Batterers often will use a victim’s legal status in the country against her. A batterer may have legal status and the victim may not, or may be dependent on the batterer’s legal status in order to remain in the country. Batterers may also use a victim’s children to keep her in the relationship. If the children have status and she does not, the batterer may try to get legal custody of the children. The batterer may also threaten to remove the children from the country, or leave the victim and her children without any way to legally remain in the country.
An immigrant victim may not speak English well, or at all, and may be dependent on others to interpret and translate for her. The batterer may not have allowed her to learn English, or kept her isolated from others who speak her language. She may believe that the batterer has control over her legal status. The batterer may also have misled the victim to believe that she does not have legal status when she does. Threatening to report the victim to immigration authorities, as well as failing to file necessary immigration paperwork or withdrawing such paperwork are also tactics of abuse.
TIP: If a client has immigration concerns, you can address these concerns to the best of your ability; however, immigration issues can be complex, and it is best to seek the counsel of an experienced immigration attorney. If a client has limited English proficiency, be sure to provide an impartial interpreter if necessary. It is not best practice to allow a client’s family member to interpret in these circumstances.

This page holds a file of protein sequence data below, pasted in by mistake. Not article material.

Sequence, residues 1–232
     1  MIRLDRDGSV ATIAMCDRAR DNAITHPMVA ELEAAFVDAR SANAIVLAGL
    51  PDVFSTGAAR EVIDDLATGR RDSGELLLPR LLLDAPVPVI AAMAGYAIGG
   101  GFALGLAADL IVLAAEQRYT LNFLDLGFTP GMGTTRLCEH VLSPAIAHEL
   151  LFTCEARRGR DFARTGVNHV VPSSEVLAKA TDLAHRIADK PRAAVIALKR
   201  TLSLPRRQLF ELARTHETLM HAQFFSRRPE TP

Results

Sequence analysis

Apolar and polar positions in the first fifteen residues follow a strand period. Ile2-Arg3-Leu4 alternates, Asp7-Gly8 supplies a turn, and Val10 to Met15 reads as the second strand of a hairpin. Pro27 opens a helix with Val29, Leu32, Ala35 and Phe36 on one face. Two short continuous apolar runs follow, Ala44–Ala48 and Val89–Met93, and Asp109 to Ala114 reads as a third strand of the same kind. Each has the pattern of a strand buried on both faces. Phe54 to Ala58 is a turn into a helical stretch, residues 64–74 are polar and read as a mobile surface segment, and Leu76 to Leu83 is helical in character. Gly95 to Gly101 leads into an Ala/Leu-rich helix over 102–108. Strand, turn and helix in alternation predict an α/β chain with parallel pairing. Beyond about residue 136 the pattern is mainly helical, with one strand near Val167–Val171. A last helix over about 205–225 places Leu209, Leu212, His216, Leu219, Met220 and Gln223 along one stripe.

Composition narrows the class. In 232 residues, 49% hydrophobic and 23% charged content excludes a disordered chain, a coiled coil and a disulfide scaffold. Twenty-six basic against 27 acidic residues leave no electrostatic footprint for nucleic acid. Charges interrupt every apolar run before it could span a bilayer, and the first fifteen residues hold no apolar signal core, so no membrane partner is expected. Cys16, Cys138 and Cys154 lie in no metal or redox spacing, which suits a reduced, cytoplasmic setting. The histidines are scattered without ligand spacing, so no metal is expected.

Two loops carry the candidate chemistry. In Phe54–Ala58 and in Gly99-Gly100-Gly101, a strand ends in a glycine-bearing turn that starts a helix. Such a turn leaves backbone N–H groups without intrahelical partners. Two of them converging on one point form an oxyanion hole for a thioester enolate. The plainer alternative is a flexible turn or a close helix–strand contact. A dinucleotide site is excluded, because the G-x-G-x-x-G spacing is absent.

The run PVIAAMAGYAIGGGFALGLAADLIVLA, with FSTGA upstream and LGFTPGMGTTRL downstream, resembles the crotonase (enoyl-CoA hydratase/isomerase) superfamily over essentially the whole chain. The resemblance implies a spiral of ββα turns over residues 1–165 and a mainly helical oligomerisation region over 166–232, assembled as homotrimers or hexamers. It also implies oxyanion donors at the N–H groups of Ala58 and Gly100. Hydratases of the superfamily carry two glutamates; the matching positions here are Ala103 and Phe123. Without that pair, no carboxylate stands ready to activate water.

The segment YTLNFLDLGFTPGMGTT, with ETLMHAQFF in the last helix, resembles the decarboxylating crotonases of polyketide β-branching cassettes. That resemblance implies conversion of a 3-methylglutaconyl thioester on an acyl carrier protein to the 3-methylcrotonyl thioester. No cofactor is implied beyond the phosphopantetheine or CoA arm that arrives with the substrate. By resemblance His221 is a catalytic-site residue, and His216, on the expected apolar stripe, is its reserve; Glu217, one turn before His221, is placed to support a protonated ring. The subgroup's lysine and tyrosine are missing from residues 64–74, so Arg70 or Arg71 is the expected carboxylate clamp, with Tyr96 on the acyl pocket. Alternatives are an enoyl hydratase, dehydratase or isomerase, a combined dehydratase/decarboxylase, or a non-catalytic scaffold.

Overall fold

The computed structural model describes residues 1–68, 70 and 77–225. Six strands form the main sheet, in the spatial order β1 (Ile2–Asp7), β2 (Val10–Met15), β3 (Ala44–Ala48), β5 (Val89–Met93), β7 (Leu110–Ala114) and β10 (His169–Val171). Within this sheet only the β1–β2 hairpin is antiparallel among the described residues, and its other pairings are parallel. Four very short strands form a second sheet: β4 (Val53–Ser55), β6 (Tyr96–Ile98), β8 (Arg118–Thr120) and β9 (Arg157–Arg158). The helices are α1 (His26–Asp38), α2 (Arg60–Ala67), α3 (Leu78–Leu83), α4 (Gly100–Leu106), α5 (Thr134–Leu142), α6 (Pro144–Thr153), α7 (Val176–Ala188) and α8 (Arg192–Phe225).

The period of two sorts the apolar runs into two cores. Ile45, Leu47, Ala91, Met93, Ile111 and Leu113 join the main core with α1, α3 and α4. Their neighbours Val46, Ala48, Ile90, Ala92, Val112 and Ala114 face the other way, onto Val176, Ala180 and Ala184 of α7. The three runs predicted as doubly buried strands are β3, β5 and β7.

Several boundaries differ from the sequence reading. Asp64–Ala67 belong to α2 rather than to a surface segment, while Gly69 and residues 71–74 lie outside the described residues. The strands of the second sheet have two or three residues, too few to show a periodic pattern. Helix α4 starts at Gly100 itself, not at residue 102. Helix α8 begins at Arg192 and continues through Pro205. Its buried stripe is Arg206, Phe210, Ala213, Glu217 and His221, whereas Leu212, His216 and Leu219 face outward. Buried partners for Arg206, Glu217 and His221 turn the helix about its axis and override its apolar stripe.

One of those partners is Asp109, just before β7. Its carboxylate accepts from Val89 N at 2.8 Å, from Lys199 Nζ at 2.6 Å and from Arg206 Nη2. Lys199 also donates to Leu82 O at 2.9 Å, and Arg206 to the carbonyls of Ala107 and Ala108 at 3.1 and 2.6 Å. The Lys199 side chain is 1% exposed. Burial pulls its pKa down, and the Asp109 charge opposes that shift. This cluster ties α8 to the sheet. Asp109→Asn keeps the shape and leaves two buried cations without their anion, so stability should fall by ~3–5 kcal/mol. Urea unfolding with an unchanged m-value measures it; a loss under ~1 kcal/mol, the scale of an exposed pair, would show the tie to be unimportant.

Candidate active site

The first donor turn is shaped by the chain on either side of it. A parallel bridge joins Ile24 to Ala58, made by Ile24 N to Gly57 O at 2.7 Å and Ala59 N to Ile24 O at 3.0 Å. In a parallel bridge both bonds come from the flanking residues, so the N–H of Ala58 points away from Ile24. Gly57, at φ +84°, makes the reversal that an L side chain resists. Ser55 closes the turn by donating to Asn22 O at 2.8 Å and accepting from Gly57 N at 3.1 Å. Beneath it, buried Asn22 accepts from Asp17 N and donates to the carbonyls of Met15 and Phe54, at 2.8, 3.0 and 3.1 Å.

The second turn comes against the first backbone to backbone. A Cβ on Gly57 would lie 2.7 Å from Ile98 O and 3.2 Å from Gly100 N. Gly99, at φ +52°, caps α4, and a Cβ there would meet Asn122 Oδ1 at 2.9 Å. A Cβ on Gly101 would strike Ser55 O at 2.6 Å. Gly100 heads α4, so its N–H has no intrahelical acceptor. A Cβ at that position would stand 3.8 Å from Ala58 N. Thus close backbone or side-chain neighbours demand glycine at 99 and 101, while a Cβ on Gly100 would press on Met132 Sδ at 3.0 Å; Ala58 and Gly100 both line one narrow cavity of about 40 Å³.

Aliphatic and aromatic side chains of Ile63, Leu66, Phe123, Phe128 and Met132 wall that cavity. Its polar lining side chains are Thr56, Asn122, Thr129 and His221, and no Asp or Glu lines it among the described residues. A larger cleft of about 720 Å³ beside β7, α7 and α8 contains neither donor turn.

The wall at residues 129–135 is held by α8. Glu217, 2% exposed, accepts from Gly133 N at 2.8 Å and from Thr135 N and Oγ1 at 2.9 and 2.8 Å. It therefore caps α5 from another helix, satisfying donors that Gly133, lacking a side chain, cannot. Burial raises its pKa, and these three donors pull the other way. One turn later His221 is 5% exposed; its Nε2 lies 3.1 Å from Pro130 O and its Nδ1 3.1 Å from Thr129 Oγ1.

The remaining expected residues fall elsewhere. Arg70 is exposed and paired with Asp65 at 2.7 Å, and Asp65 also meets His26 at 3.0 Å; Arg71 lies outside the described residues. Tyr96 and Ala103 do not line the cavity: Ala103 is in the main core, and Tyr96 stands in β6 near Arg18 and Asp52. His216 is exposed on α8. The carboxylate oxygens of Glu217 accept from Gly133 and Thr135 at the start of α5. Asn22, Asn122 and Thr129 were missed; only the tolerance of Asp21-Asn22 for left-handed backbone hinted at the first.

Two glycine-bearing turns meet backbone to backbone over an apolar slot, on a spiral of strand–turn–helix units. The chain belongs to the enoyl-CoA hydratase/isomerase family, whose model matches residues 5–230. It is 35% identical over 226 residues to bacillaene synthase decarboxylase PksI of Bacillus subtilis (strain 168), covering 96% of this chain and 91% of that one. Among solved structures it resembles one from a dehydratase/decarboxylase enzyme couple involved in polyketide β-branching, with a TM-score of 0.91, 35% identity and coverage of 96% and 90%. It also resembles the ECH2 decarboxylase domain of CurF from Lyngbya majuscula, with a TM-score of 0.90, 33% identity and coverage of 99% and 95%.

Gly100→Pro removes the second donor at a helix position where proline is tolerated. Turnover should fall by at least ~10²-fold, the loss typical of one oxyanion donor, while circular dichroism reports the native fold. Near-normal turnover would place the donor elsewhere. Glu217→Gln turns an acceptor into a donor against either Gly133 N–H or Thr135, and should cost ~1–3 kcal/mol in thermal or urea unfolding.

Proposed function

Just as domestic violence victims do not fit any one pattern or set of characteristics, the same is true of batterers. Batterers often present as "normal” in public, and can be charming, charismatic, and likable. High profile individuals, such as political figures, clergy, attorneys, doctors, CEOs, and other executives often have the public’s perception on their side because they are not the stereotypical batterer.
Friends and family of the victim and the batterer may believe that the batterer is not capable of committing acts of domestic violence because he does not fit their expectations of a batterer. It can be detrimental and devastating for a victim to hear "he would never do that” after disclosing domestic violence.
Batterers are not always physically violent. They are likely to manipulate a situation through control of the family finances, undermining or minimizing victims’ parenting, promising to change their behavior, blaming their victims for the violence, turning children and family against victims, and threatening suicide. Batterers often mislead the court and social services systems by attempting to make the victim appear violent, unstable, or mentally ill.
Focusing on the batterer’s conduct, as opposed to the victim’s behavior is important in addressing domestic violence. No behavior of victims causes them to be beaten and abused. Perpetuating violence against an intimate partner or family member is the choice of the batterer. In order to properly address this violence, legal professionals, as well as other professional systems and support systems should concentrate on the batterer’s choices, and on helping the victim heal from the trauma and abuse.